Local Cuisine in Eastern Japan
Must-try regional foods—from Genghis Khan in Hokkaido, to Gyoza in Tochigi
Savor the flavors of local cuisine across the Eastern region of Japan
Local cuisine differs by climate and mountain or seaside location. Hokkaido and the Japan Sea coastal regions are famous for abundant fresh seafood brought by deep, cold sea currents. Tohoku is renowned for rice-growing, rice dishes, and delicious sake.
Hokkaido: A treasure trove of fresh flavors
Salmon return to the rivers of Hokkaido every autumn to spawn, embellishing its cuisine with salmon-rich dishes like Ishikarinabe, a salmon and vegetable hotpot, and Chanchanyaki, stir-fried salmon and vegetables with miso sauce.
Moreover, the prevalence of sheep farming in Hokkaido’s vast open plains has given rise to another famous lamb-based dish, the Genghis-Khan. Many Hokkaido households have a perforated pot specifically for Genghis-Khan, which is a hearty barbecued lamb and vegetable dish. People in Hokkaido often enjoy this local specialty at home.
Tohoku: The land of rice
Tohoku is celebrated for quality rice with deep flavors and textures. In a land where rice is the much-loved staple, this is no small praise.
Kiritanponabe is a hotpot of stick-shaped baked rice simmering with chicken and vegetables in a dashi broth, a specialty of Akita in Tohoku region. It’s a recipe handed down through generations as an indispensable dish for entertaining guests.
In the coastal areas of Tohoku region, Kaisendon, fresh sashimi served atop a steaming bowl of rice. Inland and mountainous regions specialize in different root-vegetable fares that celebrate the local harvest seasons. One such example is the Imoni hotpot made with taro root.
Conversely, Miyagi is famous for beef tongue barbequed over hot coals, known as Gyutan. This tender, thinly sliced meat dish was born in their capital of Sendai before spreading throughout Japan.
With a reputation for excellent rice, it’s no surprise that some of Japan’s best sake is made using local rice in Tohoku. Many Tohoku izakaya offer local sake pairings to match local food, a wealth of unique tastes to explore.
Tokyo: The taste of Shitamachi
While famous for its skyscraper skyline, Tokyo’s downtown “shitamachi” offers an insight into the working-class life of the old Edo period (1603-1867). The low-rise and more slow-paced atmosphere is accompanied with many local delicacies that have roots extending back to Edo’s fishing village history.
Monjayaki is said to have been born in “shitamachi”, downtown, as a working-class favorite. A hearty grilled dish made from flour, sauce, and dashi broth batter, Monjayaki restaurants have tables with hot plates, and diners cook and eat it themselves using a small metal spatula. Its appeal lies in a wealth of potential toppings, such as cabbage and meat or seafood, cheese, mochi rice cake, and others.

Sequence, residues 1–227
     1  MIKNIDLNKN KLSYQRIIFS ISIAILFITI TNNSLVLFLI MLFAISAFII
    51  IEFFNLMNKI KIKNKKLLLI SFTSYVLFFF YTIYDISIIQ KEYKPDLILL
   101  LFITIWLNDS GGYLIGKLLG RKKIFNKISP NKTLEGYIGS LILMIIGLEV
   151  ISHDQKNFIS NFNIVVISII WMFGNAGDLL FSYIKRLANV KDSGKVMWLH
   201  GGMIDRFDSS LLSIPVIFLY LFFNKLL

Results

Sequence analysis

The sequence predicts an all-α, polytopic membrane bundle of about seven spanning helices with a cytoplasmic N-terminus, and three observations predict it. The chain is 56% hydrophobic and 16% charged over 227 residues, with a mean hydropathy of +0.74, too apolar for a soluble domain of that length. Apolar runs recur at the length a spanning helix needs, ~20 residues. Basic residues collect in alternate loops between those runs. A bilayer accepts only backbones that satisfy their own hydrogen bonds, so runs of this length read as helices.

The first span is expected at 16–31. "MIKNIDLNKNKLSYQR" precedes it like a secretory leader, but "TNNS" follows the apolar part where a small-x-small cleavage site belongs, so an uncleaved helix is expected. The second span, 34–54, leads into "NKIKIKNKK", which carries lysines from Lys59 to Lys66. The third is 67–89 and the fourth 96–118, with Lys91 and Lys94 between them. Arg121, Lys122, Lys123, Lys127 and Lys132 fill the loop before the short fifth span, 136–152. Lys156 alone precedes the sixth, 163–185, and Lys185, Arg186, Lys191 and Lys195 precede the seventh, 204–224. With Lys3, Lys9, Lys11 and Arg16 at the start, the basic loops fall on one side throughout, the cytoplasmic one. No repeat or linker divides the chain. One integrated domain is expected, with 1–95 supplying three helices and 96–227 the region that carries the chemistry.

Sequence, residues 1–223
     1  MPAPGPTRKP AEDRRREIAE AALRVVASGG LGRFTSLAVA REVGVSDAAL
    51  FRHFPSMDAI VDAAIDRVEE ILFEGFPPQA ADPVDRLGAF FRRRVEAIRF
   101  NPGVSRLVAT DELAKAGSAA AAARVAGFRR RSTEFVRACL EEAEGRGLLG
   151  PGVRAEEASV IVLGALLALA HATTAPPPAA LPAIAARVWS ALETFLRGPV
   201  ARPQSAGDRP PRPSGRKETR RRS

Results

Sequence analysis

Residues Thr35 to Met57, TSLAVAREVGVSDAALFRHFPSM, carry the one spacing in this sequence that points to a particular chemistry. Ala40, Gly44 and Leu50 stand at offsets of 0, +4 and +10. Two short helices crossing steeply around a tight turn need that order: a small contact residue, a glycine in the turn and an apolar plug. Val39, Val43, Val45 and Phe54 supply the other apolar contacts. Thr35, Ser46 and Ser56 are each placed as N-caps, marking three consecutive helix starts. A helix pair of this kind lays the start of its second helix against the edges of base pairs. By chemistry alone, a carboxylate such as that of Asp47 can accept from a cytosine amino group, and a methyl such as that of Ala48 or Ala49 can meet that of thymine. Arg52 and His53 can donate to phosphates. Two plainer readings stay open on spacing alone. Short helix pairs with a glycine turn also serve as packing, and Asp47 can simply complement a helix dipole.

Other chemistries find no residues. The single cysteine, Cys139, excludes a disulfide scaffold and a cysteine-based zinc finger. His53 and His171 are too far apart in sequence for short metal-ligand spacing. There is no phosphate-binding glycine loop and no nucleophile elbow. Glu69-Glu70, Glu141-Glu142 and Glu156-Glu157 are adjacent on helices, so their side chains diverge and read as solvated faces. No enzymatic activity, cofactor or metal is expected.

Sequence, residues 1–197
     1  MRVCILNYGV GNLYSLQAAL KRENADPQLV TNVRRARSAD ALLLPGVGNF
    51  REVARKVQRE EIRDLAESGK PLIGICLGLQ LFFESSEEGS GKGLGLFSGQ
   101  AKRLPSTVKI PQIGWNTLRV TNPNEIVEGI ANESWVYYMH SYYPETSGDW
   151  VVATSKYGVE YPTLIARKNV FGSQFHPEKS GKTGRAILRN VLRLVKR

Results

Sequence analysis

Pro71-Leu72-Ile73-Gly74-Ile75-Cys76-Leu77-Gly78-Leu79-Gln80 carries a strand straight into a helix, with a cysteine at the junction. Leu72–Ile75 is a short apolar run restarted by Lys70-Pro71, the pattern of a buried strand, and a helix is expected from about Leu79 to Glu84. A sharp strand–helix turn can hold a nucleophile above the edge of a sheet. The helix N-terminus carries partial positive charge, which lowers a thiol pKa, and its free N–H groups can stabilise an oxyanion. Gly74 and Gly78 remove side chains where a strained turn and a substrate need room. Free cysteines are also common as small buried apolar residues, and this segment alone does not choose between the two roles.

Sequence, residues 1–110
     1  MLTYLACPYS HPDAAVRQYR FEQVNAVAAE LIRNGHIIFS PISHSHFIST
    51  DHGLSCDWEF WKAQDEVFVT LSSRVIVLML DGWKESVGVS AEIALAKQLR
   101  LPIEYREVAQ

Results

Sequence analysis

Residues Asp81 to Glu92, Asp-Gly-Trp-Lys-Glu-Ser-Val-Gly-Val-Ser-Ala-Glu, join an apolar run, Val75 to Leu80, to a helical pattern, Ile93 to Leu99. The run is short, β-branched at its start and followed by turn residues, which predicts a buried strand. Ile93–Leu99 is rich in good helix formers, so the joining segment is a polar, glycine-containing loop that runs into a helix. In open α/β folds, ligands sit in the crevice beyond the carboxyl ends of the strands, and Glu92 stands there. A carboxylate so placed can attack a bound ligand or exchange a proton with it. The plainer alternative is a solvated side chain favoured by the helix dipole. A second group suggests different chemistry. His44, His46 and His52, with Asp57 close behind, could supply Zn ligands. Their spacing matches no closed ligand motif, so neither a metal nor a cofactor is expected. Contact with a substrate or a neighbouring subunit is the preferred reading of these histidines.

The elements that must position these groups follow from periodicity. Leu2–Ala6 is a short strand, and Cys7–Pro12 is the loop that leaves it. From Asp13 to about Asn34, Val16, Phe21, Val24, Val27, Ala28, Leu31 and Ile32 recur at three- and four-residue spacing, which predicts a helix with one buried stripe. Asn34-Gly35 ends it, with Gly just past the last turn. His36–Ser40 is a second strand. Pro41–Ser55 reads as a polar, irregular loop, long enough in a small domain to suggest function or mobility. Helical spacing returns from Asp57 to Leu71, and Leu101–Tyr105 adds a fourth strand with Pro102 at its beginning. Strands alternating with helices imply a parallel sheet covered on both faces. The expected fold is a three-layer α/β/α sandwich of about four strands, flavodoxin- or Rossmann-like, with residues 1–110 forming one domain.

Another traditional Tokyo downtown dish is Fukagawadon, a bowl of asari clams cooked in soy sauce and sugar and served atop a steaming bowl of rice. In the past, a thriving fishing community existed in the Fukagawa area. While the reclamation of Tokyo Bay consigned that lifestyle to history, this local recipe remains a testament to those fishermen of old.
Kanto: The Kanto Great Plain is filled with local specialties
The Kanto region is home to more than just Tokyo. Each of the seven prefectures in the region boasts local and seasonal specialties of their own.
Ankonabe meaning monkfish hotpot, is a typical winter dish from Ibaraki. This fish is as tasty as it is ugly, and worth a try.
The nearby Utsunomiya City of Tochigi is known as “The Capital of Gyoza”. Here, the competition for the city’s best gyoza is fierce, so make sure to visit many restaurants to find your own favorite.
Gunma, on the other hand, proudly claims Yakimanju, a delicious skewer of dough balls drizzled in a soy sauce glaze and cooked over an open fire, as its soul food.
While Chiba’s specialty is Namero, a dish named because you’ll want to lick (“nameru” means to lick) your plate clean. Raw horse mackerel is diced and mashed into a paste with scallion, white sesame, and miso paste. A dish best eaten in season, from May to June.
Koshinetsu: Blessed with a bountiful harvest along the mountainous spine of East Japan
The mountainous region Northwest of Tokyo made up of modern-day Nigata and Nagano, is famous for delicious soba buckwheat noodles. In November, people flock here to taste the freshly made soba and dishes made using soba wheat.
In Nagano, you can find Oyaki, a Japanese-style dumpling with chewy soba or wheat flour dough and a filling of either sweet red bean paste, or vegetables.
Yamanashi where Mt. Fuji is located and not surrounded by the sea as same as Nagano, is famous for Houtou, a hearty udon noodle stew cooked in miso soup with squash and other vegetables.
This is just a sampling of the delicious cuisine native to Eastern Japan, a region steeped in a rich and varied culinary history.